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Atlantic City NPPL
Gambler's Open

August  2001
Mays Landing, NJ

5 Man - High Velocity
10 Man
Pro - Aftershock
Am A - Strange
Am B - Nemesis DYE

Leg 4 of the NPPL season in the past has been looked on as the cast-off stepchild of the series.  It was the Atlanta Open until Dave Youngblood and Renick Miller took over promotion of the event.  It then moved to Portland Oregon, Boston Mass, and Nashville TN in the following years.  Last year, one heavy criticism of the tournament was the lack of 5 man competition.  For 2001, all events include 5 man competition, allowing 5 man teams to play the NPPL as a full series.

Another change for 2001 came with all NPPL events being produced by Paintball Sports Promotions.  The venue relocated once again, this time to the Atlantic City Racetrack, just outside of Atlantic City, NJ.  The track, which is used mostly for off-track betting in recent years, has been in search of new activities to make use of its land.  Large grassy fields behind the stable grounds proved spacious enough for an NPPL event - with the possibility of using the grandstands and main track infield in future years.  Netting and presentation of fields has been a major issue in the NPPL, ever since the lackluster 2000 season and heavy criticism of the Chicago Open and World Cup.  In 2001, each event has made improvements over the previous, and Atlantic City is no exception.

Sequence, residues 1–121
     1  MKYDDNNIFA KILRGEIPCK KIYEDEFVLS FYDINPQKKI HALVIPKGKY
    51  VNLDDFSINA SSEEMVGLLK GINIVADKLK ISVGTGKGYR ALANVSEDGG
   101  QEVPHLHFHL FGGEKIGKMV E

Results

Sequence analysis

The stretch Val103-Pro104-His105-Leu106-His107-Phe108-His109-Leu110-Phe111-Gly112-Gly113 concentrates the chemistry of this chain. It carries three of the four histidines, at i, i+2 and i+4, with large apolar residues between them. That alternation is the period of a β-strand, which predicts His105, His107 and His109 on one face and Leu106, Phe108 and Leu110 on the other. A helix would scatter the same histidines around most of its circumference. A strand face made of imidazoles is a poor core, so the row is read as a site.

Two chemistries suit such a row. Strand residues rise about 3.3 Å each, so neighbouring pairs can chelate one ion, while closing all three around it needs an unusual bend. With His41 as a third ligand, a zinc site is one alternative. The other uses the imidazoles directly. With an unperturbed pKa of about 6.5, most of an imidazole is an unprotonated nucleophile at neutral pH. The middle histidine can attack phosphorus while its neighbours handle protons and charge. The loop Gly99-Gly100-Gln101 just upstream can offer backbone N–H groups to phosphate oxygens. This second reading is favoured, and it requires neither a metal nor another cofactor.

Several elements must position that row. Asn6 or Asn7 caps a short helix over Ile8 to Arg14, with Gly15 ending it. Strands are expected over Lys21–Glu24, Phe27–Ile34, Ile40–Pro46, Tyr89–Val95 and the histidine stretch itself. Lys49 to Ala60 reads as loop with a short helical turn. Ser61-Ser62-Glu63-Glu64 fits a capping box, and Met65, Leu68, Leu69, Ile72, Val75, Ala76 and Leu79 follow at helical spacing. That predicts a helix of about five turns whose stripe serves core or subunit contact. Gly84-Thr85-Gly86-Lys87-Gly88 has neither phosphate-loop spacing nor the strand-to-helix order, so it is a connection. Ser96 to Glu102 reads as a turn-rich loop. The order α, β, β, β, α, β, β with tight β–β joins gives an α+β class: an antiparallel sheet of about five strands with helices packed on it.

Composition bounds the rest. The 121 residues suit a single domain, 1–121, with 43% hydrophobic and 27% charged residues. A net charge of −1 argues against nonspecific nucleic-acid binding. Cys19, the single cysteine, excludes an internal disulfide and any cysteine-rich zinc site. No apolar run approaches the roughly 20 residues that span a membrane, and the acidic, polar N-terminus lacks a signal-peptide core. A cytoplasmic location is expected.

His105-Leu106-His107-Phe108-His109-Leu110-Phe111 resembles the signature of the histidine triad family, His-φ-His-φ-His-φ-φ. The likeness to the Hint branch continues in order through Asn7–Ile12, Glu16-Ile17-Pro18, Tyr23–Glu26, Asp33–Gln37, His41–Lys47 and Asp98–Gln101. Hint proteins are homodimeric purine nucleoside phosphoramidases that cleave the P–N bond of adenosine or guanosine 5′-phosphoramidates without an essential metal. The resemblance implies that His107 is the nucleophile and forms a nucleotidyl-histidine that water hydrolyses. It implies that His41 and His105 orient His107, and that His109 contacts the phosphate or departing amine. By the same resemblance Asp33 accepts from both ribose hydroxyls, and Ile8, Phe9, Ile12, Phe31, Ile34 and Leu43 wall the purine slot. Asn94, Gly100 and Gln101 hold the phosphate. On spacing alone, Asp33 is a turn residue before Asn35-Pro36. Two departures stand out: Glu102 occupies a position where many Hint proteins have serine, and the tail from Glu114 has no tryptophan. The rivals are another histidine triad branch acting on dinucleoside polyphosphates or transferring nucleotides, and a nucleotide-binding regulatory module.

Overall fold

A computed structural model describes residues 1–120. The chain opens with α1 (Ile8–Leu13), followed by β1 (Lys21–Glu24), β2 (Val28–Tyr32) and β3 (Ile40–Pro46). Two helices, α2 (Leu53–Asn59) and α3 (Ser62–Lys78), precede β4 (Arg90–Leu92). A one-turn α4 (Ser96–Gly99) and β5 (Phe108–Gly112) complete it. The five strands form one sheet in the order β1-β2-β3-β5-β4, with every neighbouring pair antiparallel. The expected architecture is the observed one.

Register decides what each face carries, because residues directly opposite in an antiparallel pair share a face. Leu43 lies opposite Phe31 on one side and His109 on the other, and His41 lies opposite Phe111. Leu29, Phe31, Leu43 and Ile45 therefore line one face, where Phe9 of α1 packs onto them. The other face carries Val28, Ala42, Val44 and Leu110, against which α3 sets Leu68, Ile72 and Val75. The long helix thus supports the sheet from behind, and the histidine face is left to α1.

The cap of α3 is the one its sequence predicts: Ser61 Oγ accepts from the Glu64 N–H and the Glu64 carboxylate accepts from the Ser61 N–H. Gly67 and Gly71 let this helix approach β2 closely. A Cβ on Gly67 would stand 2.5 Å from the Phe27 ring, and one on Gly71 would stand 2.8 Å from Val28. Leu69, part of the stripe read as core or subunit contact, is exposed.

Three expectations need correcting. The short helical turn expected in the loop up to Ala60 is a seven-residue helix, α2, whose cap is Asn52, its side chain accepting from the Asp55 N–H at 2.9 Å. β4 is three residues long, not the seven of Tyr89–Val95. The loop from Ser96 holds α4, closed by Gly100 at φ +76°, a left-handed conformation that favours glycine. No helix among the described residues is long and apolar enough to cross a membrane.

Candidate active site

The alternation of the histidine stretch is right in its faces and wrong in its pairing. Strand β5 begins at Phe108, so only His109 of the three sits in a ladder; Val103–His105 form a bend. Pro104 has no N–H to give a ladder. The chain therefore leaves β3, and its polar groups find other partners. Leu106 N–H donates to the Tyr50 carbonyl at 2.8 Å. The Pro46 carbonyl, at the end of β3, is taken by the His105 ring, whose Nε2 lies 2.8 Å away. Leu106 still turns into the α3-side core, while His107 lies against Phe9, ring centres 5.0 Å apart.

Full, solidly installed netting surrounded the public access sides of all of the fields, which consist of Sup'Air and Ultimate Airball bunkers.  Diablo's giant mouth bunker design which has been appearing in the Millennium Series had its NPPL debut.  The Ultimate Airball tunnel arrangement of boomarang and mini sausage shapes also made its first appearance in the NPPL.  Robert "Rosie" Rose of Ground Zero had been on site the week prior to the event overseeing netting and facilities support, while Dave "Opie" Thomas of Trauma and Ryan Williams of Aftershock laid out the fields.

Air fills, which seem to have been a problem at numerous NPPL events, especially Gettysburg were addressed with Paintball Sports Promotions' new air system.  Four new Bauer compressors feed 10 player operated fill stations (8 4500 psi, 2 3000 psi).  Each one of 5 fill tables is equipped with a pair of Bauer fill stations.  There are no booster pumps in the system, which decreases heat issues (hot fills from a booster pump will drop in pressure as the tank cools) and the air hoses are secured mid-section, to the table, to minimize flailing if they get loose from the fill nipple.  A single push-button actuates the fill station.  Filling completes when the pre-set pressure is reached, and releasing the button vents the fill hose.  While the 16 teams of the 5 man competition couldn't put a dent in the holding tanks' pressure, the true test of the new system would come mid-day Friday and Saturday during the peak of the 10 man.